Amani Attia is the Arabic Language Program Coordinator at the University of Pittsburgh and a Senior Lecturer and Arabic Instructor of the Egyptian and Levantine dialects. She was recently interviewed by Foreigncy, in which she discussed the importance of Arabic Dialect instruction in universities and shed light on what the University of Pittsburgh is doing differently from others.
Universities have traditionally put a much greater emphasis on Modern Standard Arabic (FusHa) instruction over Arabic Dialect (Aamiya) instruction, which has been relegated to a type of elective in some programs. For years, this has sparked debate about the benefits and disadvantages of Fusha v. Dialect. Why has Fusha traditionally dominated in higher education Arabic instruction?
There are a couple of reasons: FusHa is the language of education in the Arab world. Arabic speakers’ mother tongue is the dialect spoken in the home/community. When they start schooling they learn Modern Standard Arabic/ FusHa. It is the language they are trained in. It is easier to teach than a variety for which there has been no formal grammar for a long time.
Secondly, Arabs associate FusHa with a higher form of the language, related to classical Arabic which is the language of the Quran. Culturally they feel protective of the language, and consider dialects impure forms. This is comparable to 15th century Britain when all important writing had to be done in Latin rather than English which they considered an improper vernacular. It is expected to focus on Modern Standard Arabic in the USA because FusHa is considered the proper form of the language.
Fusha and Dialect offer students of Arabic different tools and ways to use the language. For students currently studying or interested in studying Arabic, what can they gain from studying FusHa v. Dialect (personally and professionally) and vice-versa? Do you recommend studying one before the other, and why/why not?
It all depends on the program students are in, and the purpose of studying the language. In the university of Pittsburgh, our objective is to get students to emulate the language used by an educated Arab. This means students need to be exposed to both varieties, FusHa as well as at least one dialect of Arabic. This way they will be able to use an educated dialect in conversation, and Modern Standard Arabic in writing and more formal occasions.
In contrast to many Arabic programs, UPitt’s program offers six Levantine and Egyptian dialect courses that scale in level. Why did the program decide to invest in Dialect instruction and how has this been received by your students?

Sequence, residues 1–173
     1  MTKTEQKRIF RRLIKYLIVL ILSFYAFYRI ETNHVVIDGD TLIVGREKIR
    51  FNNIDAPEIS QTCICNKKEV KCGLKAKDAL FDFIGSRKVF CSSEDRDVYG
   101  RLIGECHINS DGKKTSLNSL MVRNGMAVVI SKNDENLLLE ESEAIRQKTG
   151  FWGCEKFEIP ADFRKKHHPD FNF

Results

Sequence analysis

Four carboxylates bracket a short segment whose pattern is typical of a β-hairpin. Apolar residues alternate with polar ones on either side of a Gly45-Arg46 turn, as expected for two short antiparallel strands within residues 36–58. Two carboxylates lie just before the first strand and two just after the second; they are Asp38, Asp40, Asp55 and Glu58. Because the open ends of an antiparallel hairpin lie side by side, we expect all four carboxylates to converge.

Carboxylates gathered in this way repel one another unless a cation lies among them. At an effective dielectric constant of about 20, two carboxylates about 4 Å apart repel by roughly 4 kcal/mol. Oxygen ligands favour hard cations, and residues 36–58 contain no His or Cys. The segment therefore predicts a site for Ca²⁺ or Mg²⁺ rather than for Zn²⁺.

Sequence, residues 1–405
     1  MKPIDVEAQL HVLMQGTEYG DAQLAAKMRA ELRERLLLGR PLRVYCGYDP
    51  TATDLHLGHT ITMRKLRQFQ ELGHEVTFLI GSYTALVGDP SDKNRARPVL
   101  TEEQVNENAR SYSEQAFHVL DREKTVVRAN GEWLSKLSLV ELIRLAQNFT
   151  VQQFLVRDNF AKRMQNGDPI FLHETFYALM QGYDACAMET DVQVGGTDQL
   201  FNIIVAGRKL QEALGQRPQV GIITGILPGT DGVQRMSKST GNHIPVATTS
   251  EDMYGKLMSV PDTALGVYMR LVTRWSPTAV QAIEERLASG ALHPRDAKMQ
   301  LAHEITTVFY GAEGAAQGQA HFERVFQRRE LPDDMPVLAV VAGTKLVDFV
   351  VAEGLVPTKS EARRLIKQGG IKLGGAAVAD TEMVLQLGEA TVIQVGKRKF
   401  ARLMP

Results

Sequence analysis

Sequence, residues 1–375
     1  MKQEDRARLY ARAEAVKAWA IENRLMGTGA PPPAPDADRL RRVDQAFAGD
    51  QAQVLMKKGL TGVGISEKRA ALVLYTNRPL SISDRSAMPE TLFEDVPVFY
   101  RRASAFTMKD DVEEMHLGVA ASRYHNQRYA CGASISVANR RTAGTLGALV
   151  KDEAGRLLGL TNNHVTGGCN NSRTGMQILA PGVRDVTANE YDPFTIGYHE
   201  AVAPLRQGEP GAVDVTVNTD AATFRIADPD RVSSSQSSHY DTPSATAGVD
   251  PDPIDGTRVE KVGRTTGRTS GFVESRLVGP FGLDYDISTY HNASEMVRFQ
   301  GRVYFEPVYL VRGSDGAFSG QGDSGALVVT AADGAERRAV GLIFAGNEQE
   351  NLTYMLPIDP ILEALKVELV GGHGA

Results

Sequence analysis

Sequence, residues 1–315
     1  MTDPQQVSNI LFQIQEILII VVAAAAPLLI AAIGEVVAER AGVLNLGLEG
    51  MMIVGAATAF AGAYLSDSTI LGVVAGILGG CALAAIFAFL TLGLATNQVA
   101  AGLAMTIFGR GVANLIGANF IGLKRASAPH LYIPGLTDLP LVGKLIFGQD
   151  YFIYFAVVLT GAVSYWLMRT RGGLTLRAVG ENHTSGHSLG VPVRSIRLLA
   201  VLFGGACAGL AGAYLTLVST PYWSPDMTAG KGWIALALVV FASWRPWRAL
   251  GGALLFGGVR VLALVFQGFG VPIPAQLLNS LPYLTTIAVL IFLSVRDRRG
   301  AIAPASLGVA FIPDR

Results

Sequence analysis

Dialect instruction is essential in order to be able to use the language in everyday communication. Prior to dialect instruction students who traveled overseas came back feeling they were shortchanged as their FusHa proved to be an odd language to use in everyday dealings. This would be analogous to using Shakespearean English to talk to people in a supermarket in the USA. Our purpose is to enhance speaking proficiency, impossible without dedicating part of the instruction we offer to the dialect.
For many years, Egyptian dialect was king in Arabic Dialect study v. Levantine. What was the reason for this and how have you seen this shift in recent years? Would you recommend students study one over the other?
Egypt has been a leading country in media and in education. Cinema, radio, Arabic songs were dominated by Egyptian artists. For that reason, Arabs everywhere would understand Egyptian easily though the opposite would not always be the case. Egyptian is still the most widely used dialect in the Arab world, followed by the Levantine dialect. In our program, we help students choose a dialect based on what they want to do with the language, sometimes also on their heritage.
Do you see Dialect instruction gaining greater importance in university programs in the future, and how much of that depends on the development of standard dialect instruction materials like those that exist for FusHa?
Definitely. When more schools boost dialect instruction, there will be an academic interest in providing textbooks and methodology, especially with the increasing number of American graduates of Arabic programs. The wheels are already in motion.
The Al-Kitaab textbook has been criticized for blending together Egyptian dialect with FusHa, teaching students to a hybrid form of Arabic. Is this as harmful as some people have made it out to be? And do you see any advantages or disadvantages to learning Arabic in this way / should students focus on FusHa and Dialect as if they are separate languages?
I do not think it is harmful at all. Blending is good as they are not really separate languages. I would say it is similar to teaching British versus American or Australian English. Teachers should point out differences between FusHa and various dialects, but not treat them as different languages. The purpose is to educate a non-Arabic speaker to use Arabic as an educated Arab, therefore both varieties are necessary.
What does UPitt’s Arabic program offer students that they won’t find elsewhere and what do you love most about your program’s instructors and staff?
We offer a combined program in FusHa and either the Egyptian or the Levantine dialect. We offer a number of content courses that offer learners a solid acquaintance of the literature, linguistics, and culture of Arabic. We also offer two Readings in Arabic courses that serve as fourth-year instruction in Arabic. In those courses, we focus on authentic fictional and non-fictional materials related to topics of contemporary interest.
What I appreciate about our Arabic faculty is their high-quality instruction, their success in creating a comfortable atmosphere in the Arabic classroom, and their dedication to the students.